SEOUL, Jan. 17 (Korea Bizwire) — In the face of a growing aged population, the index for the quality of life for the elderly in South Korea is below average compared to other member countries of the Organization for Economic Cooperation and Development (OECD).
In particular, South Korean ranked the lowest in social solidarity among advanced countries.
The Korea Labor Force Development Institute for the Aged, affiliated with the Ministry of Health and Welfare, released the following findings Thursday.
The researchers developed indicators in five areas: productivity and social participation, well-being, equity, integrity and stability.
As a result, the nation’s overall score was 53, ranking 20th out of 34 countries.
By index, the stability index, the productivity and social participation index, and the well-being index were higher than the OECD average.
On the other hand, the integrity index stood at the bottom. South Korea ranked only 26th in the equity index.
Productivity and social participation included labor participation rates, actual retirement age, volunteer time and participation in re-education.
The well-being index calculated objective well-being, the average number of years that people aged 65 or older are expected to live in good health, and subjective well-being felt by those aged 50 or older about their satisfaction with life.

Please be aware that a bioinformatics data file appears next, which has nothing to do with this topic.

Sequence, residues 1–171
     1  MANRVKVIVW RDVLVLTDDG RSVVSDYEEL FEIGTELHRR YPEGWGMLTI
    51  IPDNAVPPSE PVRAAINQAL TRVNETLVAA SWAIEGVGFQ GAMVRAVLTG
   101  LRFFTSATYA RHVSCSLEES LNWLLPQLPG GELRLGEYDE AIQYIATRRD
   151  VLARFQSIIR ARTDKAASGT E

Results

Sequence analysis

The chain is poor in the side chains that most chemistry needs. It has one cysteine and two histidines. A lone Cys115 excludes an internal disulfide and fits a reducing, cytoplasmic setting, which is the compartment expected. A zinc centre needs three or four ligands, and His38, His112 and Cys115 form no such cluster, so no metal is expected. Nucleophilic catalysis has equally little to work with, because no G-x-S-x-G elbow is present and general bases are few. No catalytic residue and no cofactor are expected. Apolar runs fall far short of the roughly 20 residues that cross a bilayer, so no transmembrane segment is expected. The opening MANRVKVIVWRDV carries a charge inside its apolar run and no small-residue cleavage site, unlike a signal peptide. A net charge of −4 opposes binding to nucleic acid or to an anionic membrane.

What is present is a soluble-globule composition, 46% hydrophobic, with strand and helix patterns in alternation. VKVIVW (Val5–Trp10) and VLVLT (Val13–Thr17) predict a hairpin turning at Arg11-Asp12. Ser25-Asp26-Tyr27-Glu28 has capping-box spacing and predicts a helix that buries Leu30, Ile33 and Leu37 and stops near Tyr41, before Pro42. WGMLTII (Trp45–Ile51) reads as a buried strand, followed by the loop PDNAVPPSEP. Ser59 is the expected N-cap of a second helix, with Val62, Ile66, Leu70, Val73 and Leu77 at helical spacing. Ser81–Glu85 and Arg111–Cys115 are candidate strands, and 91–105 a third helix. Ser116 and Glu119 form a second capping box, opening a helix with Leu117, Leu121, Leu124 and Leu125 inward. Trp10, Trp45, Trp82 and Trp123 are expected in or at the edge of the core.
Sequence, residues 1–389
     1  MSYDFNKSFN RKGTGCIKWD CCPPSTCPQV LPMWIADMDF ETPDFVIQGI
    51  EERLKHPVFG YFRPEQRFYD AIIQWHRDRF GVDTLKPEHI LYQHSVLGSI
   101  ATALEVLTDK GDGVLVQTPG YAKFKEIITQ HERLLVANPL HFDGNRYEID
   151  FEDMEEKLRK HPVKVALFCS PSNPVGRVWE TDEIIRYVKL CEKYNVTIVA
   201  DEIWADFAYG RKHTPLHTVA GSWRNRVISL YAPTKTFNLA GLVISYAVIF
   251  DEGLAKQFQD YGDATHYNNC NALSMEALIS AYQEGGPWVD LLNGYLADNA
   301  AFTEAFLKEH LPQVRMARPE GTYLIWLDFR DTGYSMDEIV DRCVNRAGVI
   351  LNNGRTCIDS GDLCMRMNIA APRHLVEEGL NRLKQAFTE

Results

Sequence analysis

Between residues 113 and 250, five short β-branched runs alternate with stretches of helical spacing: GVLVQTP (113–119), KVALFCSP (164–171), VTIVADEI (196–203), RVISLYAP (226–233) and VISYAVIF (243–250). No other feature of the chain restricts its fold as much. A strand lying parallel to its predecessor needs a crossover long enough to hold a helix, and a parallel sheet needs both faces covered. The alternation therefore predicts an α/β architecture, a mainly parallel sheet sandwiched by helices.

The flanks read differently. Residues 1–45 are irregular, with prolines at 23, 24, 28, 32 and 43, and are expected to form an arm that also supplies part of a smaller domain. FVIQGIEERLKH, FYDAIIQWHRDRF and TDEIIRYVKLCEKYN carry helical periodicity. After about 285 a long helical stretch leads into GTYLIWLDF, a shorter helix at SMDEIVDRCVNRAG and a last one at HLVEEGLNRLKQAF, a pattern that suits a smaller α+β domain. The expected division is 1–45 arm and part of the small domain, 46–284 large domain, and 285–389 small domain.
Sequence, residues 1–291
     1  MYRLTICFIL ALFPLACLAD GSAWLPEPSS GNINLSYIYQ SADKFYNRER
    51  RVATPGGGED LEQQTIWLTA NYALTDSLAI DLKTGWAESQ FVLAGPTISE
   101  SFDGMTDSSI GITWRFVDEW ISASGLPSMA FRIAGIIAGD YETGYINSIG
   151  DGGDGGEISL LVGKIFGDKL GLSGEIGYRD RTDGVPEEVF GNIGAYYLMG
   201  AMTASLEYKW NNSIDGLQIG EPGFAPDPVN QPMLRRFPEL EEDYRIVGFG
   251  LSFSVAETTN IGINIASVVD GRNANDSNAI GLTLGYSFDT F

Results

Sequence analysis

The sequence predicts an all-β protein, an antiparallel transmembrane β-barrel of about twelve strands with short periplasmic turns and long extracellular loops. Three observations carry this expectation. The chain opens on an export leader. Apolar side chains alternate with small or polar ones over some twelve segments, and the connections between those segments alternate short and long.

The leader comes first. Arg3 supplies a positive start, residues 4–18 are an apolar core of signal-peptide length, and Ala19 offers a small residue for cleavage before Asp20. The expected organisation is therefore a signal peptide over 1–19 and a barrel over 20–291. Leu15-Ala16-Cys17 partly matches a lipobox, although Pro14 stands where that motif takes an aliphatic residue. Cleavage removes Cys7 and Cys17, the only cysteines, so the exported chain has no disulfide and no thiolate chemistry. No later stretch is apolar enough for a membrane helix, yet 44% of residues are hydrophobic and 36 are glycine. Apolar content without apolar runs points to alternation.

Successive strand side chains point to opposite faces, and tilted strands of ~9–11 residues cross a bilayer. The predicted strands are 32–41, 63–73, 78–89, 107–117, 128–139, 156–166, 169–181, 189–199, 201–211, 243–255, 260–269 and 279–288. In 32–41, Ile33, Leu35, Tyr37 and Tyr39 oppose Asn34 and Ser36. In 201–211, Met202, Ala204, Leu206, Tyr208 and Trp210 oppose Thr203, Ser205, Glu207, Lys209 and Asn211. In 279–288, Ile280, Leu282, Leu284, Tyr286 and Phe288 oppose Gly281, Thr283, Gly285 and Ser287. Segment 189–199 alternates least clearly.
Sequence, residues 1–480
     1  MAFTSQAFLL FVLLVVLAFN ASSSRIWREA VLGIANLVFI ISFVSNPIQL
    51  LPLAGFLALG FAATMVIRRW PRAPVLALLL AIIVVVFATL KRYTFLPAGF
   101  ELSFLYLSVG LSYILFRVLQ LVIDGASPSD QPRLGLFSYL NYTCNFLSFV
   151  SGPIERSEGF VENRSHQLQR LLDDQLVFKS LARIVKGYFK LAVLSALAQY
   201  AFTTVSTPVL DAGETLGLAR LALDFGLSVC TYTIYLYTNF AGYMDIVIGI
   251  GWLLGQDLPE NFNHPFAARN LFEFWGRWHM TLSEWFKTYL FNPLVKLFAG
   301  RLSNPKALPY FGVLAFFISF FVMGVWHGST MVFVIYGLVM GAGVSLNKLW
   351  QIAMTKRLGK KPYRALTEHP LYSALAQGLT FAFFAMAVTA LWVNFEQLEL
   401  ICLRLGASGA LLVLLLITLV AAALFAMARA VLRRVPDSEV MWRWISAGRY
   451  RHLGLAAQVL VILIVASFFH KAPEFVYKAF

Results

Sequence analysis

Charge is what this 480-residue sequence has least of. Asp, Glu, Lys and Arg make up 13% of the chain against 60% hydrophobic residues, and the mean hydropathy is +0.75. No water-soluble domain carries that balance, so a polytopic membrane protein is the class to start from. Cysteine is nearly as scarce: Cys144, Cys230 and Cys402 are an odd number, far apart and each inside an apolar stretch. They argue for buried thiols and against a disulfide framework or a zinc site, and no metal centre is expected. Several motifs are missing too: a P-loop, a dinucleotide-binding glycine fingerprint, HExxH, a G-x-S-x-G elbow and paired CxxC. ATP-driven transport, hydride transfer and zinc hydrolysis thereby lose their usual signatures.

Equity was calculated by the Gini coefficient, poverty risk, food security, and the percentage of high school and higher education completion.
The integrity index was based on the presence of trusted acquaintances, neighbor trustworthiness, shared experiences with other generations, and the ratio of children to cohabitation.
The stability index calculated the relative income of the elderly, the present value of pension benefits, the ratio of public spending on long-term care protection, physical safety and government external debt.
The results suggest the importance of individual and social efforts to explore the direction of the active old age in the country and devise a blueprint for vibrant senior years, the researchers said.
D. M. Park (email@example.com)